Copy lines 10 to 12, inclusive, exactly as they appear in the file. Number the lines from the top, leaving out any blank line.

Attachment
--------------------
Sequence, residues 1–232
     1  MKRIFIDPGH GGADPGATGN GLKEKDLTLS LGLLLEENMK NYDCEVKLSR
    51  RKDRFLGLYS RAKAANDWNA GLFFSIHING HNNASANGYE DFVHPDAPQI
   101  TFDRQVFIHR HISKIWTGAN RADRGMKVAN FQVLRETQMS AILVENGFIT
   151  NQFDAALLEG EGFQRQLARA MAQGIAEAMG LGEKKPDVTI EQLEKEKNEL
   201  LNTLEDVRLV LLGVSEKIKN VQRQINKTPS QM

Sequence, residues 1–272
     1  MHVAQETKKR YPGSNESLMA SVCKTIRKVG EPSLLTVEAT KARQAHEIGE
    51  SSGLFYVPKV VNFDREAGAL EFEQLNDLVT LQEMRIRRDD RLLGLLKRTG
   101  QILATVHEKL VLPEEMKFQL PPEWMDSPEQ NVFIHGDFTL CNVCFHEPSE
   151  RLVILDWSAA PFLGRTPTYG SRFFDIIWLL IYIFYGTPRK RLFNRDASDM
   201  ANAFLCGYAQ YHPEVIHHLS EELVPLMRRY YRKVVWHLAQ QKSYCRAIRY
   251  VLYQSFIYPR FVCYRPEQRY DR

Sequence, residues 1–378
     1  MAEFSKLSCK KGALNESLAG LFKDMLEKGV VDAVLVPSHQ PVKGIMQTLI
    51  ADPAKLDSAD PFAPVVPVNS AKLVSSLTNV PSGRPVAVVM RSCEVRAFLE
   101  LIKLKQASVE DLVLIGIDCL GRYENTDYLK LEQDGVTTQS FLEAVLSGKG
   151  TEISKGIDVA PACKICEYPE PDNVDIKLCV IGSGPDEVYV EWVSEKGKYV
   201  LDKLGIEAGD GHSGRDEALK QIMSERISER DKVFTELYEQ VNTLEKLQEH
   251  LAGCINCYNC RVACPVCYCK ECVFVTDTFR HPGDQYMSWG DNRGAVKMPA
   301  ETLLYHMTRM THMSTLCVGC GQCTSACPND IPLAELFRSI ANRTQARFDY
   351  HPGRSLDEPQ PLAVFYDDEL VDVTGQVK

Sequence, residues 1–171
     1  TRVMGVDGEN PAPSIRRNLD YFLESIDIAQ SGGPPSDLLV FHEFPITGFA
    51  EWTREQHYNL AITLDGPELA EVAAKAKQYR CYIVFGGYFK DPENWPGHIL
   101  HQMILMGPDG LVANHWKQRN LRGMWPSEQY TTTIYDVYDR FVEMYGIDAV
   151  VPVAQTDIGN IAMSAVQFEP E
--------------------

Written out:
   101  QILATVHEKL VLPEEMKFQL PPEWMDSPEQ NVFIHGDFTL CNVCFHEPSE
   151  RLVILDWSAA PFLGRTPTYG SRFFDIIWLL IYIFYGTPRK RLFNRDASDM
   201  ANAFLCGYAQ YHPEVIHHLS EELVPLMRRY YRKVVWHLAQ QKSYCRAIRY